More specifically, as shown in FIG. 4A, the array 28 of detectors 421 -4210 is quantized into a plurality of, here 6, equal angular sectors 601 to 606. Thus, the intersectors of the sectors 601 to 606 are disposed at angles 0, 60, 120, 180, 240 and 300, respectively, from the missile body's yaw axis 43. Thus, as noted above, and as will be described, the gimbal control section 24 produces signals which enable determination of the quantized angular deviation, α, of the projection 50 of the axis of rotation 37 (FIG. 3) onto the detector plane 30, from the missile body's yaw axis 43 to within one of the six sectors 601 -606 Further, as described above in connection with FIG. 3, the line 49 of intersection of the skewed focal and detector planes 26, 30, is at an angle θ=α+90 from the missile's yaw axis 43. Thus, referring also to FIGS. 4A-4C, if the signals produced by the gimbal control section 24 indicates that α (which is perpendicular to the line 49 of intersection) is between 60 and 120 (i.e., in sector 602), or between 240 and 300, (i.e., in sector 605), the detectors 422, 4210, 421, 429 and 425 in set 441 are selectively coupled to the processor 41 by selector section 40. If α is between 0 and 60, or between 180 and 240, (FIG. 4C), the detectors 427, 4210, 421, 428 and 424, in set 443 are selectively coupled to the processor 41. Likewise, if α is between 120 and 180, or between 300 and 360, (or 0) (FIG. 4B) the detectors 423, 428, 421, 429 and 426, in set 442 are selectively coupled to the processor 41. This arrangement thus provides that five detectors from the total of 10, 421 -4210 in the one of the three sets 441 -443 aligned along, or adjacent to line 49 (and hence, which are in, or are substantially in focus) pass to the processor 41. The energy impinging on the selected one of the three sets 441 -443 of detectors in the detector array 28 is processed by the processing section 22 (FIG. 1), to produce electrical signals for the wing control section (not shown) of the missile 10 and via line 86 for the gimbal control section 24. As will be described, the gimbal section 25, in response to gimbal section 24, is used to gimbal the scanning and focusing system 18 within the missile 10 so as to cause the optical system 16 to track the target independent of missile pitch, yaw or roll motion. More specifically to gimbal the scanning and focusing system 18 within the missile to drive the boresight error axis 36, here, preferably, towards the center of the array 28 of detectors 421 -4210 , i.e., towards detector 421 Such arrangement prevents boresight error transients when switching between detector sets while tracking targets in pitch or yaw and when the missile rolls.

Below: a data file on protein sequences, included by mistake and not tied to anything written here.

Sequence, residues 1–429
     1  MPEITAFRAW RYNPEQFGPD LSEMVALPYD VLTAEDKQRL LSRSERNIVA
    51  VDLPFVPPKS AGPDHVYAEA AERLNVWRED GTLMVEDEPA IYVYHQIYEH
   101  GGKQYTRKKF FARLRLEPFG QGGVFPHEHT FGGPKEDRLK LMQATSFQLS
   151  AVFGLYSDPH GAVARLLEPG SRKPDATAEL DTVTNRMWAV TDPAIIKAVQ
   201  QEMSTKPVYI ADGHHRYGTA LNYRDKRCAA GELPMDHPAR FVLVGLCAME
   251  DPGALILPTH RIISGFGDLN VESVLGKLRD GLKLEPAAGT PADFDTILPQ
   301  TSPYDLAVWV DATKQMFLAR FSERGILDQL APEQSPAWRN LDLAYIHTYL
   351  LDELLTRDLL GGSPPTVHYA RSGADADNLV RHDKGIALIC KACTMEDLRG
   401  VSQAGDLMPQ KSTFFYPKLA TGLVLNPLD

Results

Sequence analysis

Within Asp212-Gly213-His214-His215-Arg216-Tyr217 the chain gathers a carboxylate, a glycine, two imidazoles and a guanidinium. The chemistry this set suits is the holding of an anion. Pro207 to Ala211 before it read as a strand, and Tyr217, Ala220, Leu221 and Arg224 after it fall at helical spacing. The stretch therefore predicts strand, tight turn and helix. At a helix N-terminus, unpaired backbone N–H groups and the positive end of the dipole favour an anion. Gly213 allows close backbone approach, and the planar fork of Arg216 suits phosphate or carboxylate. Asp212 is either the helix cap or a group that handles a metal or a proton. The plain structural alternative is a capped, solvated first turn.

Referring now to FIG. 5, the scanning and focusing system 18 is here shown with the boresight error axis 36 aligned with the axis of rotation 37 and the center line 38 of the missile. The upper half of FIG. 5 is a cross section taken along the missile body's yaw axis 43 and the cross section of the bottom half of FIG. 5 is taken along the missile body's pitch axis 45. The focusing system 18 includes a catadioptric optical arrangement which here includes a spherical primary mirror 60 and an attached flat secondary mirror 58, and attached focusing lens 56, here silicon, disposed symetrically about an axis of rotation 37. The flat secondary mirror 58, is disposed in a plane tilted at an angle γ with respect to a plane normal to the axis of rotation 37. Thus, the optic axis is displaced from the axis of rotation 37 by 2 γ. More specifically, the plane of the tilted secondary mirror 58 intersects the focal plane 26 and at the angle γ. The flat secondary mirror 58, lens 56, and the primary mirror 60 are fixedly attached to one another by supports 70a and 70b. The catadioptric optical arrangement focuses a portion of the infrared energy from the target passing through the missile's frontal portion into a small spot on the focal plane 26. The frontal portion of the missile 10 is a conventional IR dome 69 rigidly mounted to the missile 10. The IR dome 69 is optically designed to reduce spherical aberration introduced by the spherical primary mirror 60. The flat secondary mirror 58 is used to fold and displace the path of infrared energy within the scanning and focusing system 18, as shown by the dotted line 63. The primary mirror 60 and attached tilted, flat, secondary mirror 58, and lens 56 (which has its instantaneous optic axis 36A displaced by the 2 γ from the axis of rotation 37), are adapted to rotate, as one unit, with respect to the body of missile 10, about the axis of rotation 37 of the scanning and focusing system 18, here by forming the primary mirror 60 as the rotor of an electrical motor. In particular, the housing 61 of the primary mirror 60 is a permanent magnet having north and south poles, the north pole indicated by N (shown in FIG. 5) and is here aligned with the missile body's yaw axis 43. As will be described, a primary purpose of the rotating housing 61 is to form a gyroscope such that the primary mirror 60 will maintain the axis of rotation 37 in inertial space, uncoupled from the body of the missile unless acted on by the gimbal control section 24 in response to signals fed through from processor 41 via line 86. It should be noted that, because the housing 61 is attached to the tilted mirror 58, the north/south axis 74 of the housing 61 intersects the plane of the tilted mirror 58 at the angle γ even as the housing rotates about the axis of rotation 37.